What does she want? What is the goal that is driving her throughout the book? Does she want to learn to Shift or to stop it happening in the world because of ethical reasons? Does she want to fit in with her family? It’s not clear at the moment. 

What is preventing her from achieving these goals? Once you are clear on the goals, you can explain the roadblocks. 

What are the stakes if she doesn’t achieve them? Every plot needs stakes – a reason for the reader to turn the page. 

Query Two 

Dear Gemma and Molly, 

Niri used to be a good girl, only occasionally told off for drawing spaceships on her maths homework. [While this first line does work, it could be a little more exciting and perhaps tell us a bit more about the main character in a voice driven funny way. Drawing on homework is just a bit flat. For example, ‘Niri used to be a good girl, well apart from that one time she dyed her brother bright pink, but that was an accident.’] Then a pirate attack separated her from her family and she ended up alone and stranded on a space station.  There, totally by accident, Niri breaks one of the most important laws in the galaxy. All she does is make friends with a small alien. Unfortunately, he turns out to be a member of an undiscovered species – even talking to him is against the law.   

Niri’s best hope is to make sure that the Guardians – self-appointed parents of the galaxy – never find out what she has done. But a mysterious businessman has been watching her, and he won’t keep her secret for free. His price: Niri must become one of his minions.  If she wants to stay out of prison and have a chance at finding her family, she will have to commit a lot more crimes. [Again, this is a good enough paragraph, telling us the plot and the stakes. But I can’t help but worry if it’s missing a bit of voice and spunk. It’s just a bit flat and with a title like MINIONS, I’m assuming this story is a little bit fun?]             

MINIONS is a middle grade science fiction story, and is complete at 57,000 words. It might be described as STAR TREK meets THE GODFATHER for kids, and I think it will appeal to fans of Dan Krokos’s THE PLANET THEIVES and Frank Cottrell Boyce’s COSMIC.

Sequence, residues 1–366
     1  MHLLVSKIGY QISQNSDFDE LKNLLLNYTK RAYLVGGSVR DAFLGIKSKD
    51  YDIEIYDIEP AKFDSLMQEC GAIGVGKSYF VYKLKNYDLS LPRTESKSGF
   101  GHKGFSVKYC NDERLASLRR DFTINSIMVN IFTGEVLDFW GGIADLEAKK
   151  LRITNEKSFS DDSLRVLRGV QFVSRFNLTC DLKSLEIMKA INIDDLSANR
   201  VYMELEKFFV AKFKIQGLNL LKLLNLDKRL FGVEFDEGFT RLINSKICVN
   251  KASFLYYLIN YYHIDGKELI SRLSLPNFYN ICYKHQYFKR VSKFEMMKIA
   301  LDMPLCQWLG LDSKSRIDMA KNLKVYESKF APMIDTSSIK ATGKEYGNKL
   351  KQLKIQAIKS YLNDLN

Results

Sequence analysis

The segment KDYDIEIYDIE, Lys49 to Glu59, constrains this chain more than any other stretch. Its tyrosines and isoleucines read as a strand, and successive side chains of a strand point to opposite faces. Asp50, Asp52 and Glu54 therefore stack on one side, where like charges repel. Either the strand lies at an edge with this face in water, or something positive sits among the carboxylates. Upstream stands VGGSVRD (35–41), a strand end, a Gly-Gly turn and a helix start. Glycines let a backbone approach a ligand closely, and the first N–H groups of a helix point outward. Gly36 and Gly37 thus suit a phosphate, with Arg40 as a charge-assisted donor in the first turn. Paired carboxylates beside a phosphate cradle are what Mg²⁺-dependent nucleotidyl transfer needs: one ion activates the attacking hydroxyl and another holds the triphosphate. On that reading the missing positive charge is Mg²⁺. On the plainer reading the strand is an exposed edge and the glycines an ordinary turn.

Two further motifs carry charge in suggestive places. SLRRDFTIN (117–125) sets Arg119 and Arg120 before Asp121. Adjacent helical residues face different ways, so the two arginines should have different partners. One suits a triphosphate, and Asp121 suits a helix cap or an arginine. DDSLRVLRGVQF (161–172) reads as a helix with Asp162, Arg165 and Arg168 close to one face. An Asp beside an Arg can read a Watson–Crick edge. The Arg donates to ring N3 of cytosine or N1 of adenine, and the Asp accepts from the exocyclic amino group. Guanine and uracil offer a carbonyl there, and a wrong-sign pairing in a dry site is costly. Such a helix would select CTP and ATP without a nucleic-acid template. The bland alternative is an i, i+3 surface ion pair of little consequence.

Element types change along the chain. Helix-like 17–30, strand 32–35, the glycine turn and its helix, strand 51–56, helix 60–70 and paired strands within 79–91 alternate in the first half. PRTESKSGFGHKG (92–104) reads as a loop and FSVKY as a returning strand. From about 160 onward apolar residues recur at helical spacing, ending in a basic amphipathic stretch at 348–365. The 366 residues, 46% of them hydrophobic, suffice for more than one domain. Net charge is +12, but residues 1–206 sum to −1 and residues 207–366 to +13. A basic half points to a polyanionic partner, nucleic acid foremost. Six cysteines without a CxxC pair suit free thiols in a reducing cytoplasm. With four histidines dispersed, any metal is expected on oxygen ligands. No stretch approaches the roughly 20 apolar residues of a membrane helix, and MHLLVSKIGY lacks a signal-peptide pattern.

I have been a science fiction fan since the age of 7, when I first read A WRINKLE IN TIME, and I even managed to sneak aliens into my philosophy PhD thesis. I’m now working as a project editor at (company name redacted) This is my first novel. 

Thank you for your consideration.   

Best wishes, 

P.S. Thanks so much for offering feedback on query letters here!

Gemma says: As a query, this isn’t bad at all, and would certainly make me read the sample pages with interest. However, if you can just insert some of Niri’s voice and up the excitement, then you will have a more enticing letter.   

Molly has answered the questions this month:

Question One
Dear agents 

My query might seem a little silly and naive but I have had three rejections so far. Each time I examine the rejection email in detail searching for clues. They were very different with some more encouraging than others. I just wondered if they are likely to be standard. For example would an agent say 'strongly encourage you to contact as many other agencies as possible' and 'we have read (your submission) with great interest' if they thought the book was rubbish and did not have a chance of being published. 

I would love to offer my query letter for critique but haven't quite got the nerve.